If your dog has undergone some form or surgery and therefore spent a little time at a veterinary clinic or animal hospital, you may find that when you do eventually bring them home any other pets you have will react aggressively towards them and vice versa. It is thought this is because your dog has a lot of different smells on them which include other people, animals, medicines and strong scented disinfectants routinely used to clean animal clinics. There may even be some traces of the anaesthetic clinging to your dog's coat for quite a long time which again can trigger an aggressive reaction in other pets you have in your home.
It is thought that other dogs or cats in the home might well react this way because they are scared of these strange odours which they do not associate with your dog. Taking one dog out of the home for any period of time no matter how temporary, will end up causing a disruption in an established hierarchy because the order of things change which the other pets take advantage of especially if it is the alpha dog that had the surgery.
Conflicts start when your dog gets home with all these strange odours on them and it's when other dogs turn on them. However, the conflicts never last that long and are relatively minor if the sickly dog's absence has only been for a brief period of time. If they have been out of the home for longer and this means longer than 2 weeks, then you may need to re-introduce your pet gradually back into the home. You also have to bear in mind that your sickly may well be the instigators of any aggressive behaviour if they are the alpha dog in the home.
A dog that has undergone any form of invasive surgery may be a little irritable when they return back to the family fold and to some extent this is to be expected. This type of behaviour could be due to the fact they are experiencing some form of physical discomfort or they might be emotionally upset by the whole episode they have had to go through.
You might want to keep your dog away from other pets for a while to allow them to get back on their feet and to feel more relaxed about everything which includes being around their house mates. You will have to gauge how things are going and when you think the time is right, let all your pets mingle together again. If things seem okay, you should not interfere in any way and this includes not petting any of your pets which may cause a bit of jealousy.
A lot of dogs will go through a period of depression following an invasive surgical procedure which is very much the same as it is with people. You may find they have trouble sleeping, are not so keen on their food and reluctant to be groomed. It is normal for your dog to not want to be as active and they might well just want to be left alone. You have to remember that their normal routine was turned upside down when they were admitted into an animal hospital or clinic where their sleep patterns and feeding routines were altered quite suddenly and dramatically. On top of this they were kept in a confined space which would not have gone down too well.
You shouldn't worry too much because it will take your dog a bit of time to re-adapt to their usual surroundings. However, if they remain down and off their food for too long, then you need to discuss what to do with your vet because something untoward may be going on. Along with depression, you may find your dog a little bit aggressive but this is usually more defensive than being nasty and will usually stop pretty quickly as they become more relaxed and happy to be home.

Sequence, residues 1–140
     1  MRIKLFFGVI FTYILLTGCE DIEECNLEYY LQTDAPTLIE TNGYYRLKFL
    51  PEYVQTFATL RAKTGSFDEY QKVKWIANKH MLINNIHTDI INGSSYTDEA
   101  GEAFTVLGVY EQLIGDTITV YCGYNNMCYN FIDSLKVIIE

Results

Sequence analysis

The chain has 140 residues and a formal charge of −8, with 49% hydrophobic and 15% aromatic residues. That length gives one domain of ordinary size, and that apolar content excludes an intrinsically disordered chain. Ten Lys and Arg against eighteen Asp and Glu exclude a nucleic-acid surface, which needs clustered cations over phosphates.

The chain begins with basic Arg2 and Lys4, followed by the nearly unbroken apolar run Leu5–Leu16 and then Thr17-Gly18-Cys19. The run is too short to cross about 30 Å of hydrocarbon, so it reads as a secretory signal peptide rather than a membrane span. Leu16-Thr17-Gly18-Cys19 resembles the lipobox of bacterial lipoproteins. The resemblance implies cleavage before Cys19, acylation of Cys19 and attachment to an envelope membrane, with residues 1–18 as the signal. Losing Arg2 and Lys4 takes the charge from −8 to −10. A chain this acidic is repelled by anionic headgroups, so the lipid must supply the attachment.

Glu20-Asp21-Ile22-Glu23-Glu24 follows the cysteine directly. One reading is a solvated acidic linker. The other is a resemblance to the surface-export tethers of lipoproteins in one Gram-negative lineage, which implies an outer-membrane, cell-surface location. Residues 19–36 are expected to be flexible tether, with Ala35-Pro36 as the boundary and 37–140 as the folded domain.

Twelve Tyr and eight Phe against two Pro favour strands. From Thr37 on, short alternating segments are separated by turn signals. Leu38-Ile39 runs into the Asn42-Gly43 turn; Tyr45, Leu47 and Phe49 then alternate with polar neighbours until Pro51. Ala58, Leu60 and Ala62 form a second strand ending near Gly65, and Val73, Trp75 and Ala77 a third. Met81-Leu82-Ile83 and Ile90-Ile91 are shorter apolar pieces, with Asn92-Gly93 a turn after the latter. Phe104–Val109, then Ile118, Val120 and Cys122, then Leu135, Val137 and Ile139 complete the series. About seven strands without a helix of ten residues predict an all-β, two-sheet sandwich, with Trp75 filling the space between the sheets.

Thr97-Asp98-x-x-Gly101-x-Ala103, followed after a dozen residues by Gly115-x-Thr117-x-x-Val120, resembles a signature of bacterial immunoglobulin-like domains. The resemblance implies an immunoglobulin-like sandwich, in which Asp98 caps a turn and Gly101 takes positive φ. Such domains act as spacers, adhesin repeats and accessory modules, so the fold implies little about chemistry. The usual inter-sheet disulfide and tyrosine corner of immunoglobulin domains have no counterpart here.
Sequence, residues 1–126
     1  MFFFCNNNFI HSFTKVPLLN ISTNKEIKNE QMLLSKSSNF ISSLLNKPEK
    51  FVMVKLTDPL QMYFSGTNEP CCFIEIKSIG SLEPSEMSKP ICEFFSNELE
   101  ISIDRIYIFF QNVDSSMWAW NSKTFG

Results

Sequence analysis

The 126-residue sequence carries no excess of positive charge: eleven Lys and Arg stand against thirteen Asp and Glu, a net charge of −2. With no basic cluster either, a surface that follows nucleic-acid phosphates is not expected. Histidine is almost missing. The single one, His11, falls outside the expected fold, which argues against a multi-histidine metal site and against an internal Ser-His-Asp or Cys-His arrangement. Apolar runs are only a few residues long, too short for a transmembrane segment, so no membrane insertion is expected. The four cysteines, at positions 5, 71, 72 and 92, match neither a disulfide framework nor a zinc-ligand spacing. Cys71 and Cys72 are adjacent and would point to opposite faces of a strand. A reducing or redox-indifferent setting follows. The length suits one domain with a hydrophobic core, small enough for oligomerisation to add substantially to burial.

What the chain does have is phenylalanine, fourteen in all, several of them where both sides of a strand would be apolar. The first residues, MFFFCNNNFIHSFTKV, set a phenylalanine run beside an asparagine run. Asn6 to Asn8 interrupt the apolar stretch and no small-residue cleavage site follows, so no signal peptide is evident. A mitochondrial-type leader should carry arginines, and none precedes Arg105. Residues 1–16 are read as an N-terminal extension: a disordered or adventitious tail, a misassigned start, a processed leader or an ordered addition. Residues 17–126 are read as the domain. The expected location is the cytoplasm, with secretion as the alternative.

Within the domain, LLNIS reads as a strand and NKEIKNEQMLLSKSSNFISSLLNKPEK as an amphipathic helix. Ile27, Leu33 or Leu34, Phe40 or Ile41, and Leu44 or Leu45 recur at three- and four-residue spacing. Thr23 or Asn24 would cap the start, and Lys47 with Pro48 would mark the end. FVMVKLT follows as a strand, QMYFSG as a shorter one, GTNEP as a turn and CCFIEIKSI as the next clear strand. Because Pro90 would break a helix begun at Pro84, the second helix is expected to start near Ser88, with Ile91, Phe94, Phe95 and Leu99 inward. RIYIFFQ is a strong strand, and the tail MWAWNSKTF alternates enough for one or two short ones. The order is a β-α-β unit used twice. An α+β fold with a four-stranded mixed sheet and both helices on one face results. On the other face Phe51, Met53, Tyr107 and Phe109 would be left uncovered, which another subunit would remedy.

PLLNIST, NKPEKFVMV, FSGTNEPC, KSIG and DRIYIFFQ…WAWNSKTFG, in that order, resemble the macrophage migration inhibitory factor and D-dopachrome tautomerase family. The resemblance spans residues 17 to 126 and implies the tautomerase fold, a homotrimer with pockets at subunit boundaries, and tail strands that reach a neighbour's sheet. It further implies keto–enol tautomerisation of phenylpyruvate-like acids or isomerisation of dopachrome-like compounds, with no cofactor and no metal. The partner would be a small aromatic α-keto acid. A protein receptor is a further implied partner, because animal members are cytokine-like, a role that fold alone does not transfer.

Your dog could become more demanding when they get home and this type of attention-seeking behaviour could be due to the fact they are feeling very insecure. However, it is better not to over do it and "spoil" your dog because you could regret it in the long run. An example being that if your dog has been neutered and then starts to ask for more attention and you constantly offer them a favourite treat, you could end up with a very overweight dog and lots of health issues associated with obesity to boot!
Dogs learn things very quickly and if by whining or whimpering they get your attention, they will soon do this as a matter of routine which is unwanted behaviour that has to be nipped in the bud. In short, it is best to avoid setting yourself up for a fall by spoiling your dog because they have had to undergo some form of surgery.
You may also find that your dog goes through a period of messing in the house rather than asking to go outside. This is often seen as your dog's way or re-establishing their territory and to help relieve any anxiety or stress they may be experiencing. However, it could also be because their bowels and bladder have been affected by the type of medication they received when they were hospitalised.
You should never tell your dog off for messing in the house when they have just come home after having been hospitalised. The best thing to do is clean the area they have messed on and deodorise it thoroughly, then not allow your dog back to that particular area of the house. If you cannot do this, then place their water and feed bowl in the offending spot which should act as a deterrent and stop them from doing their business in the same place again. It won't be long before your dog is back to their old selves and things are normal again. You just to show a little understanding and patience for as long as it takes for your dog to feel they are "home" again.